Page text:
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Sir Edward Sandys, the treasurer, proposed to the Virginia Company to send over a freight of young women to become wives for the planters. The proposal was applauded, and ninety girls, * young and uncorrupt,' were sent over in the ships that arrived this year (1620,) and the year following, sixty more, handsome and well recom- mended to the company for their virtuous education and demeanor. The price of a wife at the first was one hundred pounds of tobacco ; but as the number became scarce, the price was increased to one hundred and fifty pounds ; the value of which in money was three shillings per pound. This debt for wives it was ordered should have the precedency of all other debts, and be first recoverable." The Rev. Mr. Weems, a Virginian writer, intimates that it would have done a man's heart good to see the gallant young Virginians hastening to the water side, when a vessel arrived from London, each carrying a bundle of the best tobacco under his arm, and taking back with him a beautiful and virtuous young wife. So late as in the year 1732, an act was passed at Maryland, making tobacco a legal tender at one penny a pound, and Indian corn at twenty-pence a busheL Afterwards gold and silver became more plentiful. In 1652, a mint was established in New England, for coining shillings, sixpences, and three-penny pieces. In 1645, Virginia prohibited dealings by barter, and established the Spanish piece of eight, as six shillings, as the standard currency of that colony. In all the colonies the money of account was the same nominally as in England, but the coin was chiefly Spanish and Portugueze. But different colonies aflBlxed various values to the dollar. In South Carolina, the dollar was estimated at 45. 8rf. — in Virginia and New England, at 65. — in Pennsylvania, New Jersey, and Maryland, at Is. 6d. — and in New York and North Carolina, at 85. Paper money was first issued by the STATe of Massachusetts in 1690. Horsley Pahner's Pamphlet upon the *' Causes and Consequences of the Pressure on the Money Market THE RISE AND PROGRESS OF AMERICAN BANKING. Tobacco, corn, and Wampompeag used ag money, 1. — Paper money, called continental money, issued during the war for independence, 3.— Bank of North America chartered, 4. — ^Constitutionality of a National Bank, 5. — The first bank of the United States, 7. — Suspension of cash payments, 8. SECTION II. THE BANK OF THE UNITED STATES. THE HISTORY OF BANKING IN AMERICA: WITH AN INQUIRY HOW FAR THE BANKING INSTITUTIONS OF AMERICA ARE ADAPTED TO THIS COUNTRY ; AND A REVIEW OF THE CAUSES OF THE RECENT PRESSURE ON THE MONEY MARKET. BY JAMES WILLIAM GILBART, GENERAL MANAGER OF THE LONDON AND WESTMINSTER BANK. LONDON: LONGMAN,, ORME, BROWN, GREEN, & LONGMAN. MDCCCXXXVII.My chief object in doing this has been to repel the charges brought against the Joint Stock Banks. In noticing the other causes to which the recent pressure has been assigned, I have contented myself with transcribing the sentiments of other writers. As the publication of Mr. Horsley Palmer has been " looked upon as a sort of official document, embody- ing the views and opinions of the directors generally," it may be proper to inform the reader, that the work now before him conveys only the individual opinions of the author.and ascends with equal ease to the examination of the elementary principles. His account of the nature of joint stock banks, of branch banks, of deposit, remittance, cir- culation, and discount, of cash credit, loan and savings banks, will be found by men of business to be of considerable value for reference.'* —Atlas, Feb. 24, 1834. " We have been highly pleased with its agreeable and instructive character, and we thiuk that no man connected with trade should be without this book." — Monthly Review, May, 1834. " As the author most truly says in his preface, the aim of this book is to impart useful knowledge. Those who are ignorant of the art, or rather science of banking, (for banking may be considered as a science in political economy) will here obtain a knowledge of facts and princijles which will sufficiently, enlighten their minds on the subject, and they will have the good fortune of not having principles instilled which may lead them into error. The question of currency, cash payments, &c. which have been such a source of labyrinthic litigation are not mooted. It is a clear and well written work, and must have been written by a person endowed with a ludd head and an impartial VDmdi:'— Metropolitan Magazine, August, 1834 The History and Principles of Banking" should be in the hands of every man, who wishes to be acquainted with the manner in which the money transactions of this great country are earned on." — Wotterford Chronicle^ June 9, 1 836. 2. The History of Banking in Ireland. '^ It affords a succinct view of the acts of parliament, through which the banking operations of Ireland wei^e affected from the time of Henry VI. to the present day, shewing briefly the main features of the monetary system in that country. June 19, 1836. . The paper money issued by Congress during the war of the Ame- rican independence, experienced no sensible depreciation before the year 1776, and so long as the amount did not exceed nine millions of dollars. A paper currency, equal in value to that sum in gold and silver, could therefore be sustained so long as confidence was preserved. The issues were gradually increased during the ensuing years, and in April, 1778, amounted to thirty millions. A depreciation was the natural consequence ; but had the value of the paper depended solely on its amount, the whole quantity in circulation would have still been equal in value to nine nuUions, and the depreciation should not have been more than 3^ to 1 ; instead of which, it was then at the rate of six dollars in paper for one silver dollar, and the whole amount of the paper in circulation was worth only five millions in silver.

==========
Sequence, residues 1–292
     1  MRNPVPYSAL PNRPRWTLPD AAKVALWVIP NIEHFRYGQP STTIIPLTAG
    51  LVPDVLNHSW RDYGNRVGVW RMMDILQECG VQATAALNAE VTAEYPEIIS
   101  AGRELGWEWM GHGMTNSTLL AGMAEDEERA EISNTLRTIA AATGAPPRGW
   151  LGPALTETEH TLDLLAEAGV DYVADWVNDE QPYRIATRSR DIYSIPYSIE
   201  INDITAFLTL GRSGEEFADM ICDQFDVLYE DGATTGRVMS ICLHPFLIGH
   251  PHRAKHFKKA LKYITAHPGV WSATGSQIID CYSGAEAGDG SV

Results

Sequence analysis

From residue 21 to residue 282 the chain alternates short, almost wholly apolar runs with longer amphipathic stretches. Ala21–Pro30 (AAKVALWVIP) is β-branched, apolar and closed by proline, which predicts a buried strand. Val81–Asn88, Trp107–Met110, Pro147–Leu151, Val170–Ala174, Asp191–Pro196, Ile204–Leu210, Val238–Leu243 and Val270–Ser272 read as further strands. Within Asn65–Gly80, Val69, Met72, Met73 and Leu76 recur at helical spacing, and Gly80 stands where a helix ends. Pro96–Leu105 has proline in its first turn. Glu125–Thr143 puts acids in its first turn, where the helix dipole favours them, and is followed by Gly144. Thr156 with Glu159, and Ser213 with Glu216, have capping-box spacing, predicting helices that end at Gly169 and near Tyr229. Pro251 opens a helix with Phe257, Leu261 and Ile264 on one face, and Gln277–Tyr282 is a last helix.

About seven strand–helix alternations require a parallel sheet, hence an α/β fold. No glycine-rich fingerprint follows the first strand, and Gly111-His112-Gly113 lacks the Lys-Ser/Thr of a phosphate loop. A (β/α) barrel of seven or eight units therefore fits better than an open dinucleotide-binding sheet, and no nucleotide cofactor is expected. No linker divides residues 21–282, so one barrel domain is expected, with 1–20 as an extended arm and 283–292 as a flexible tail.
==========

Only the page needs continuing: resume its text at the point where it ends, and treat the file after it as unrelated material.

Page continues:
Qualifications of directors,
Defect in the law of England relative to joint 
stock banks that stop payment, 77. 
— Limited liability considered, 78. — 
The district system of banking, 81.
 Advantages of the branch system of banking, 83. — 
Loans by the banks to the government, 88. — 
Banks giving security for their notes, 90.
Appointment of directors by the government, 92. — 
Taxes upon banks, 93. — 
Periodical returns to the government, 94. — 
Annual publication of a balance sheet
 
 According to an estimate by the register of the 
treasury in 1790, the issues of continental money 
were as follows : — 

OLD EMISSION. NEW EMISSION. 

Dollars.. 

In 1776 20,064,464 ....66  

1777 26,426,333 

1778 66,965,269 ....34 — 

1779 149,703,856 ----77 — 

1780 82,908,320 ....47 891,236 80 

1781 11,408,095 — 1,179,249 — 
 
 On the 31st May, 1781, the continental notes 
ceased to circulate as money, but they were afterward
bought on speculation at various prices, from 400 for 
one, up to 1,000 for one. 

In the year 1781, the Congress granted a charter tp 
be called the " Bank of North America." It was accord- 
ingly established in Philadelphia, and commenced bttsi+ 
ness on Jan. 7, 1782. It obtained a charter of incor- 

. poration upon the ground that it would offer assistance^ 
to the States in carrying on the war. So profitable 
was the business that the early dividends were at the 

' rate of 12 to 16 per cent, per annum. 
Upon an allegation 
that the bank had produced evil effects, its charter was 
repealed in Sept. 1785, by the state government of 
Pennsylvania ; 
but it continued its business, claiming 
the right to do so under the act of Congress.
 In 1787, 
the bank was re-incorporated, and has been continued 
to the present day. Its operations are confined how*^ 
ever to the state of Pennsylvania.